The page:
Backpacking Alaska – Day 3: Wind

The second night came and went in a blink of exhaustion.  Crawling out of my tent, I found some of our crew were already down on the beach.  They’d spotted a bear out clamming in the receding morning tide.

© LotsaSmiles Photography 2017

This was my first real opportunity for shooting the bears we had come out here to find, and I was stoked, my aching muscles quickly forgotten.

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Backpacking Alaska – Day 2: Rocks

Day 1 was all about distance.  But that turned out being a good thing, because Day 2 rocked.  And sadly, that wasn’t a good thing.

© LotsaSmiles Photography 2017

We woke on Day 2 to find moisture on our tents and moose tracks feet from our camp.  It was fortunate we were so tired; we weren’t kept awake by any unidentifiable noises in the night.  I was also shocked to see the drastic variances in the tide.  The waterlines on the beach came within feet of our tents; we were lucky to have not gotten wet.

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Backpacking Alaska – Day 1: Distance

Who’s ready for backpacking adventures?  I know I’ve been promising them for a long time, and you’ve had a taste here and there, but I’m finally getting into the heart of my epic adventure into the Alaskan wilderness.  I appreciate your patience.  It was truly a remarkable journey, and I’m excited to share it with you.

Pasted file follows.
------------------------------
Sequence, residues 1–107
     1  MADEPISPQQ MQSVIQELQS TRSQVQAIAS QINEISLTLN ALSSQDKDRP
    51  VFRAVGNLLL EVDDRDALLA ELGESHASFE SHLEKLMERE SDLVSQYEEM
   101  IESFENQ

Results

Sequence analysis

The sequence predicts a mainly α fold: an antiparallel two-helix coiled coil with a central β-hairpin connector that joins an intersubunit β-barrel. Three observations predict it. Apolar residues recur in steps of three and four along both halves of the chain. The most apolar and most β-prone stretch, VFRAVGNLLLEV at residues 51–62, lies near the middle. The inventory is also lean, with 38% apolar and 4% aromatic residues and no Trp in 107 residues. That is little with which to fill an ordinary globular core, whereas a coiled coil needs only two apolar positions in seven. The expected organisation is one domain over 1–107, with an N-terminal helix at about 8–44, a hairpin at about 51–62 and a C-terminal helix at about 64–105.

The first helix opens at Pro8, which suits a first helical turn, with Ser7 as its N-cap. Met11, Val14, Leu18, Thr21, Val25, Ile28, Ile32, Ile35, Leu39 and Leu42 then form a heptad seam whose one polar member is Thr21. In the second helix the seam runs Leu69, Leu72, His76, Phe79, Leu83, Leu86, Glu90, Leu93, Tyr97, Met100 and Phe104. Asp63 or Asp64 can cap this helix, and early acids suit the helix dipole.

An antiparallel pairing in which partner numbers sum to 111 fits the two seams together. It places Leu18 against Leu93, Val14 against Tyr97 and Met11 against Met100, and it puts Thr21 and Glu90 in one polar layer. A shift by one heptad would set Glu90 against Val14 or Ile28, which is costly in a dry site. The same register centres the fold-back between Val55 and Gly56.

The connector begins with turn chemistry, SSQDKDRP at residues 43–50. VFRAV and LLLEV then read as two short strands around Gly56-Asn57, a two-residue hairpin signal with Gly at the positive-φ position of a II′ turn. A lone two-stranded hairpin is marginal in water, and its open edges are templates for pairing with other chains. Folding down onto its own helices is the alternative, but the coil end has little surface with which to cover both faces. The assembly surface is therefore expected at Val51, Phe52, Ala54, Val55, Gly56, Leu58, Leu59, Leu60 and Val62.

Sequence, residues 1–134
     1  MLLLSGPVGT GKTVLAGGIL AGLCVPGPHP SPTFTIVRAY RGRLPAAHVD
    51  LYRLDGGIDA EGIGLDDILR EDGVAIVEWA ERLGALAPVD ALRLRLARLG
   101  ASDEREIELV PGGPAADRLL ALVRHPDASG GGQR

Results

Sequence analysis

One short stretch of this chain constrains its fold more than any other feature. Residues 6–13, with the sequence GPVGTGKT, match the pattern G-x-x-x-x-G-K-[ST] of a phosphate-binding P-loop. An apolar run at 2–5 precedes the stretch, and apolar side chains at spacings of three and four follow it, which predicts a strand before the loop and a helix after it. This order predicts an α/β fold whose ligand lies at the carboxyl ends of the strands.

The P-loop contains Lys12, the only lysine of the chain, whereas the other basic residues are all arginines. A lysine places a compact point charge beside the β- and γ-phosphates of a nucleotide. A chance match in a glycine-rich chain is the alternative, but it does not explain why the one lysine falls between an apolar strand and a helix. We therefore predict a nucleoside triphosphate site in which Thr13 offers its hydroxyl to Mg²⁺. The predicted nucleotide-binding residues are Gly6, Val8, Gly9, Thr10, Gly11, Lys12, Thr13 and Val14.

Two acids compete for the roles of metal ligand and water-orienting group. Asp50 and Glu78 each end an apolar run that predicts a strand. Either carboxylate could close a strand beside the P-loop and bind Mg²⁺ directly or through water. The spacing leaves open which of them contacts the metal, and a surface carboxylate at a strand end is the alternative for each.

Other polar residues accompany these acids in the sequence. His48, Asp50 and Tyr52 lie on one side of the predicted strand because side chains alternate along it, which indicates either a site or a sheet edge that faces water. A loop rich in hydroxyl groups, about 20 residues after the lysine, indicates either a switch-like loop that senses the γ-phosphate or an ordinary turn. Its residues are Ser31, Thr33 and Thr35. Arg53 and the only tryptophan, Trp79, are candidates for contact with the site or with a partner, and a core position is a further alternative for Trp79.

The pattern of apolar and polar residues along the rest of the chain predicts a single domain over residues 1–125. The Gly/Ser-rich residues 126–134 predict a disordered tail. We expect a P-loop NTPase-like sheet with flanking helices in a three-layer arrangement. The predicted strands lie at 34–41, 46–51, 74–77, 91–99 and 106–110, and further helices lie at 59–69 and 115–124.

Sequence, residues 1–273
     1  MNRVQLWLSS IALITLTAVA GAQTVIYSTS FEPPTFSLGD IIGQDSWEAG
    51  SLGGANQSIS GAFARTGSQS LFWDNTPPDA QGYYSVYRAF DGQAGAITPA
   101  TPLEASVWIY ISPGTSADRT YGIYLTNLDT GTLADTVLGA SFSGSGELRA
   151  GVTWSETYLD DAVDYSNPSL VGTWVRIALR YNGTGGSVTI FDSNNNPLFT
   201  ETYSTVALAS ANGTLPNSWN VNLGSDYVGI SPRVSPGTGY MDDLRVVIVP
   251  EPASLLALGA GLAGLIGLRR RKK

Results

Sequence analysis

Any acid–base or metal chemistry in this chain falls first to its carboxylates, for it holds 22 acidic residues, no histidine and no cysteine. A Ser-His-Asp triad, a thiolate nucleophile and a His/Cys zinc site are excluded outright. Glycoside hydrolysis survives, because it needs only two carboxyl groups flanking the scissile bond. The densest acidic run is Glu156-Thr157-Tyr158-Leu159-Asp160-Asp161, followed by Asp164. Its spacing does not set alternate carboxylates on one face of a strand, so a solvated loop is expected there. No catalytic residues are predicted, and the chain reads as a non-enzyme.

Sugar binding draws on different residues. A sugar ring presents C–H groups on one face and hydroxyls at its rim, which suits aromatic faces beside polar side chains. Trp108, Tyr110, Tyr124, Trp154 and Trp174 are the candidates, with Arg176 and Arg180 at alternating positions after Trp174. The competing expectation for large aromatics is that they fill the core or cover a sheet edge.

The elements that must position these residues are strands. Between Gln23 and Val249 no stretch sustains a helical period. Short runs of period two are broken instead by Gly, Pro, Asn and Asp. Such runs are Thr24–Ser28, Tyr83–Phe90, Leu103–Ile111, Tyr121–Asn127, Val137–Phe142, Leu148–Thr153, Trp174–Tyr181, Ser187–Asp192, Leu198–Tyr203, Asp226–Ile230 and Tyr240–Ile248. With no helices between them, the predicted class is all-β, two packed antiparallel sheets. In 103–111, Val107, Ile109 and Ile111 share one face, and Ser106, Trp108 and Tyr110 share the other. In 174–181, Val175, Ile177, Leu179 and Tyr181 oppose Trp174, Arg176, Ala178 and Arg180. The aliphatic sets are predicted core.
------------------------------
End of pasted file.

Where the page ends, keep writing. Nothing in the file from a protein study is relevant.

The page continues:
© LotsaSmiles Photography 2017

After an hour’s bush plane flight out of Anchorage, we found ourselves on the beach in Chinitna Bay, and once our pilot departed, we were on our own.  We had finally arrived, and I was ready.  This was my first time truly backpacking, and I couldn’t wait.

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Alaska: My First Bush Plane Flight

Apologies for the hiatus!  I know I took a little break from the Alaska posts, but they’re back!

© LotsaSmiles Photography 2017

Right from the start, I knew a flight in a bush plane was on the itinerary for Alaska.  Much of the Alaskan wilderness is completely wild.  No roads or modern conveniences.  Completely untouched – just the way we like it.  As a result, it’s only accessible by small bush planes, and once they drop you off, you’re on your own!

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Hiking Denali: Savage Alpine Trail

Busing Denali National Park is a good way to sample the park in a single day.  But to truly enjoy the wonder that is this stunning national park, one must slow the pace a bit and get out from behind dusty window panes.

For our second full day in Denali, we wanted to get our hiking boots dirty.  We knew we couldn’t venture beyond Savage River without a bus pass, but after the previous day, the last thing any of us wanted to do was sit on a bus again.   Continue reading